Adolfo De Carolis (Biographical details)

Adolfo De Carolis (printmaker; painter/draughtsman; Italian; Male; 1874 - 1928)

Also known as

De Carolis, Adolfo; Carolis, Adolfo de


Text from Martin Hopkinson, 'Italian Prints 1875-1975', BMP, 2007
Born at Montefiore dell' Aso near Ascoli Piceno, De Carolis (sometimes spelt De Karolis) studied from 1888 at the Accademia di Belle Arti di Bologna, before transferring to the Museo Artistico Industriale in Rome, where he studied under Alessandro Morani at the school of pictorial decoration. Between 1895 and 1897, De Carolis assisted Morani in the decoration of the Villa Blanc, Villa Manzi, and Palazzo Vidoni, as well as in restoration work in the Borgia apartments in the Vatican. During this period, he met Giovanni Costa, and in 1897 became a member of In Arte Libertas, the artistic group in Rome that Costa had founded in 1885. Also in 1897, De Carolis began painting a decorative cycle in the Villa Brancadoro, San Benedetto del Tronto, which took him seven years to complete.
Shortly before his appointment in 1900 as Professor of Ornamental Design at the Accademia di Belle Arti in Florence, Adolfo De Carolis made his first known woodcut. Two of the greatest Italian writers and poets of the day, Gabriele D'Annunzio and Giovanni Pascoli, swiftly appreciated his talent, and he became their preferred illustrator. Among the D'Annunzio books, for which De Carolis executed woodcuts, were 'Laudi di Cielo' of 1903, 'La Figlia di Jorio' of 1904, and 'Il Notturno' of 1917. De Carolis also frequently contributed illustrations to the journals, 'Marzocco', 'Leonardo', 'Hermes', 'Rivista Marchigiana Illustrata', 'Novissima', and 'Il Regn'o. His most significant individual prints were a series of four woodcuts that he devoted to the life of the sea in 1908.
A pioneer in the revival of the chiaroscuro woodcut, De Carolis studied the early sixteenth century prints of Ugo da Carpi and his followers. His interest in Renaissance woodblock printmaking also led him to admire British illustration and book production of the late nineteenth century. De Carolis was well versed in the products of William Morris' Kelmscott Press, as well as in the Englishman's model, the 'Hypnerotomachia Polifili'. From these he derived his keen interest in typography and mise en page, as well as in the Renaissance revival style. Rossetti, Burne - Jones and Albert Moore, were among the artists whom he admired. We do not know if De Carolis saw the chiaroscuro woodcuts of Charles Shannon, but he was certainly aware of the books of the Vale Press. Dürer, Botticelli and Michelangelo, were among the other artists to influence his work. In 'La xilografia', his treatise of 1924, De Carolis refers to the early nineteenth century Berlin printmaker, Wilhelm Unger (1775-1855). It may be that the mid century revival of the chiaroscuro woodcut by German artists, such as August Gaber, was also known to him. De Carolis also studied antique sculpture, and the Cinquecento engravings of Jacopo Caraglio, as well as prints after Rosso Fiorentino and Baccio Bandinelli.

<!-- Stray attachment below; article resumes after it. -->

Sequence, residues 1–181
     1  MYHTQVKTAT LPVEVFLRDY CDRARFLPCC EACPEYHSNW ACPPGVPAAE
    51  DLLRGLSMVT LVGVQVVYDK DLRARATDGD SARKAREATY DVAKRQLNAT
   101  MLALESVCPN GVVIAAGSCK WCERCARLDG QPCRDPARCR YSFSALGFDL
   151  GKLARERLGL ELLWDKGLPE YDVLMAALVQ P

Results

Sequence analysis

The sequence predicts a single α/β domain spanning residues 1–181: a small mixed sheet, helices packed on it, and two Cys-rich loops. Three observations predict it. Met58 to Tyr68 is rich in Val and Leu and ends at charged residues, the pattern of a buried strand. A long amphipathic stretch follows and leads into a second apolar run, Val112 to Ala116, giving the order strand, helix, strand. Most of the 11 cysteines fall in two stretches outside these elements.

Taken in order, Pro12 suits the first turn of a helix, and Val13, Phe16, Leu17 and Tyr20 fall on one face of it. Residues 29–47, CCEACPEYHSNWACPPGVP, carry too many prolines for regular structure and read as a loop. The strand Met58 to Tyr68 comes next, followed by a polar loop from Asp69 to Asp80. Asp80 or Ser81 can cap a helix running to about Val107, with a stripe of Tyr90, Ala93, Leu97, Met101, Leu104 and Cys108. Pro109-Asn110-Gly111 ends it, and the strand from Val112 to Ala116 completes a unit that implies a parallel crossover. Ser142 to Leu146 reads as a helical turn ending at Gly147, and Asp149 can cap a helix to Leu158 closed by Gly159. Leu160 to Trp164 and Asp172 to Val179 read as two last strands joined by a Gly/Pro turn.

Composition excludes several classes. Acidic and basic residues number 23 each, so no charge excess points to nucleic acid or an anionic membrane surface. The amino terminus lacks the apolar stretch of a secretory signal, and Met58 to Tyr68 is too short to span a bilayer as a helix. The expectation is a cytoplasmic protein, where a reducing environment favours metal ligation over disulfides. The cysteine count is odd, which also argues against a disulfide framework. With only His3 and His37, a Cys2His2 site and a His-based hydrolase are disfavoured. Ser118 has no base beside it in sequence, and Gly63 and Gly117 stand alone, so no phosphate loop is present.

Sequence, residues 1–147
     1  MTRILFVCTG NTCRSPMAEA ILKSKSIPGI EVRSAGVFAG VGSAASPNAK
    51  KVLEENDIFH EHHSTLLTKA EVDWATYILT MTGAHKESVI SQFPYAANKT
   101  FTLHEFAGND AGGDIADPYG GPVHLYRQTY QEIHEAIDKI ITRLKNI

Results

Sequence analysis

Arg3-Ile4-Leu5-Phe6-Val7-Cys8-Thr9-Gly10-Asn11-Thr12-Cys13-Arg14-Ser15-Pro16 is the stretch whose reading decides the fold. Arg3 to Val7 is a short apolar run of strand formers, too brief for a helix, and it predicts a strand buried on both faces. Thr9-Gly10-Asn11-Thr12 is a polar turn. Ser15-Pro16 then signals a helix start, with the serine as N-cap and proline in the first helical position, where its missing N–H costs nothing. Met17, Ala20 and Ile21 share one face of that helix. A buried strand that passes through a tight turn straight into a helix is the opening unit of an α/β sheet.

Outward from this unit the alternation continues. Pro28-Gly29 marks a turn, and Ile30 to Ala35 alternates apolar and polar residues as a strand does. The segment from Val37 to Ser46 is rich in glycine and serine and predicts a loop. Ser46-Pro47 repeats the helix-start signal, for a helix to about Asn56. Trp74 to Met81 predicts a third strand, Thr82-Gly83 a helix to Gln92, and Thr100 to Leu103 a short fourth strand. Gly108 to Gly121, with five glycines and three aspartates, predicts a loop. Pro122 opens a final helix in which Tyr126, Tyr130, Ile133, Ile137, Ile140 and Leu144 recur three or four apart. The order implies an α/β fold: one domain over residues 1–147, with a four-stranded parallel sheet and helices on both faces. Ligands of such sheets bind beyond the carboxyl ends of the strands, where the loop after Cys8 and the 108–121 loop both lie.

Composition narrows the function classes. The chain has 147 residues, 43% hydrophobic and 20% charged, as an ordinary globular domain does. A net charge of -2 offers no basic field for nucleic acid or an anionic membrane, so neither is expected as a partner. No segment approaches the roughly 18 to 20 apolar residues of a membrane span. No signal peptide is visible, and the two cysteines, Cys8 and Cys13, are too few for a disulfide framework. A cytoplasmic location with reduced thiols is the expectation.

De Carolis was the key figure in the revival of interest in woodcut in Italy in the early twentieth century, and exerted a powerful influence on the next generation of printmakers, none of whom, however, achieved the quality of his work. He was in part responsible for the organization of major exhibitions of Italian prints in London in 1916 and in Paris in 1922. De Carolis acknowledged his debt to Pierre Gusman's 1916 'La gravure sur bois et sur l'épargne sur métal du XIV au XX siècle', when writing his own treatise on the woodcut. In this enterprise, he was assisted by the printmaker and mural painter, Romeo Musa (1882-1960). De Carolis also wrote articles on art for a number of journals between 1896 and 1923.
Adolfo De Carolis was a phenomenonally successful mural painter. Among his most important works were his pictures of 1907 - 08 for the ballroom of the Palazzo della Provincia in Ascoli Piceno, and his decoration of the Salone of the Palazzo del Podestà in Bologna, the result of his success in a competition in 1908, which led him in 1910 to settle in that city. De Carolis began work on the Salone in 1911, and at his death he was still working on these murals with a team of assistants. For part of this time, De Carolis was also working on decorations for the Great Hall of the University of Pisa, a project which lasted from 1916 to 1920. Other murals that he painted were for the Sala Consiliare of the Palazzo della Provincia di Arezzo, and for chapels in the Collegiata di San Ginesio, Macerata and San Francesco, Padua. De Carolis also designed stained glass and mosaics for the Villa Puccini at Torre del Lago. His pre-eminence in the field of mural painting was recognized by his appointment as Professor of Decoration at the Accademia di Brera in Milan in 1915, and to the equivalent positions in Bologna and Rome in 1917 and 1922.